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How the Creater of Zalo, Vietnam's Home-Grown Chat App, Went From Hacker to Manager

Vietnam's popular chat app and social media platform, Zalo, was born from its creator's curiosity about hacking.

Quang Khai, executive vice-president of the Vietnamese conglomerate VNG and creator of Zalo, got his start in computer development after he hacked into the country’s largest IT conglomerate, FPT. This Week in Asia reports that when Khai broke into the system as a university student, he impressed the head of FPT so much that he was immediately offered a job. That position set him on a path that would eventually result in the creation of Zalo.

Khai, now 38, claims: “I wasn’t being ‘naughty’. I wanted to probe the system, purely out of curiosity.” His fascination with computers began at a young age. Growing up during the Doi Moi reforms that rapidly liberalized the Vietnamese economy, he was part of the first generation to be exposed to an influx of new technology. His mother sold watches and his father was a literary critic, which afforded him plenty of time to read books and play Nintendo. He vividly remembers being enamored by computers the first time he saw one inside a bank.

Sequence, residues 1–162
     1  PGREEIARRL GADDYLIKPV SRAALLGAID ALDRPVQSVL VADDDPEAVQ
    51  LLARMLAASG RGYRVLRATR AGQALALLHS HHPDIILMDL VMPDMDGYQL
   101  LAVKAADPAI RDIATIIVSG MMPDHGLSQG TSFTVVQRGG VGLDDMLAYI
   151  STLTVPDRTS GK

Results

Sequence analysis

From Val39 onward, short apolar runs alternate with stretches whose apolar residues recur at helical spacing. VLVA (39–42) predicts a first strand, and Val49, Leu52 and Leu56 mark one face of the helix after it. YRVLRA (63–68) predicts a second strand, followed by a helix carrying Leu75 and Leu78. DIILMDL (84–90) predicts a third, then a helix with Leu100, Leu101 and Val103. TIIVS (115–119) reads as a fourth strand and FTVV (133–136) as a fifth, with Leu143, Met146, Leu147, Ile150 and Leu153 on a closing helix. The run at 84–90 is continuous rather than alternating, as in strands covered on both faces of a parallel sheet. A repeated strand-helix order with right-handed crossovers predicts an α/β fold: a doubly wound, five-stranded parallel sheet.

During his four years at FPT, Khai was one of the first people in Vietnam to work with the Internet. This early exposure helped him win a scholarship to pursue a master’s degree at Columbia University in New York. When he returned to Vietnam he joined VNG’s predecessor, Vinagames.

At VNG, Khai helped create Zing MP3 (a music service) and Zing Me (a social network), before starting work on Zalo in 2012. The messaging app now boasts more than 70 million registered users and is most popular in countries with large Vietnamese populations such as the United States, Singapore, South Korea and Japan, according to Singapore Fintech News. Khai has helped the company grow to more than 2,000 employees with projected earnings of more than US$180 million in 2017. It aims to be the first Vietnamese company to conduct an overseas IPO.

Zalo faced significant challenges early on. Khai explains: “It was an uphill battle because in early 2013, WeChat had a million users already and Line was very strong. We needed to select our own advantages and play to our environment.” Rather than adding extra features or seek in-app advertising revenue, Khai and his team focused on speed and reliability. The strategy worked and it is now one of only three chat platforms, along with Line and Viber, widely used in Vietnam, according to the Vietnam Economic Times. Of the three, it is the only one developed in Vietnam.

[Photo via The Gioi Di Dong]

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